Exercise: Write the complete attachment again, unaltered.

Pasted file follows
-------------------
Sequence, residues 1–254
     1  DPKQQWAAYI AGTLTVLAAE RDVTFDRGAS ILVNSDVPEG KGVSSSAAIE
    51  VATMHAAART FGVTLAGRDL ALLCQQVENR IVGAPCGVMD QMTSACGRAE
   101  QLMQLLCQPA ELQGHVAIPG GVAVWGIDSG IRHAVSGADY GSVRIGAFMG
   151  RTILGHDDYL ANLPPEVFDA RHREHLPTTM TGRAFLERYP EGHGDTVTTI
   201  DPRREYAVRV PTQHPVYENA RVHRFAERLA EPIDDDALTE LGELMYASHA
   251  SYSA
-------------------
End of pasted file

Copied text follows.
Sequence, residues 1–254
     1  DPKQQWAAYI AGTLTVLAAE RDVTFDRGAS ILVNSDVPEG KGVSSSAAIE
    51  VATMHAAART FGVTLAGRDL ALLCQQVENR IVGAPCGVMD QMTSACGRAE
   101  QLMQLLCQPA ELQGHVAIPG GVAVWGIDSG IRHAVSGADY GSVRIGAFMG
   151  RTILGHDDYL ANLPPEVFDA RHREHLPTTM TGRAFLERYP EGHGDTVTTI
   201  DPRREYAVRV PTQHPVYENA RVHRFAERLA EPIDDDALTE LGELMYASHA
   251  SYSA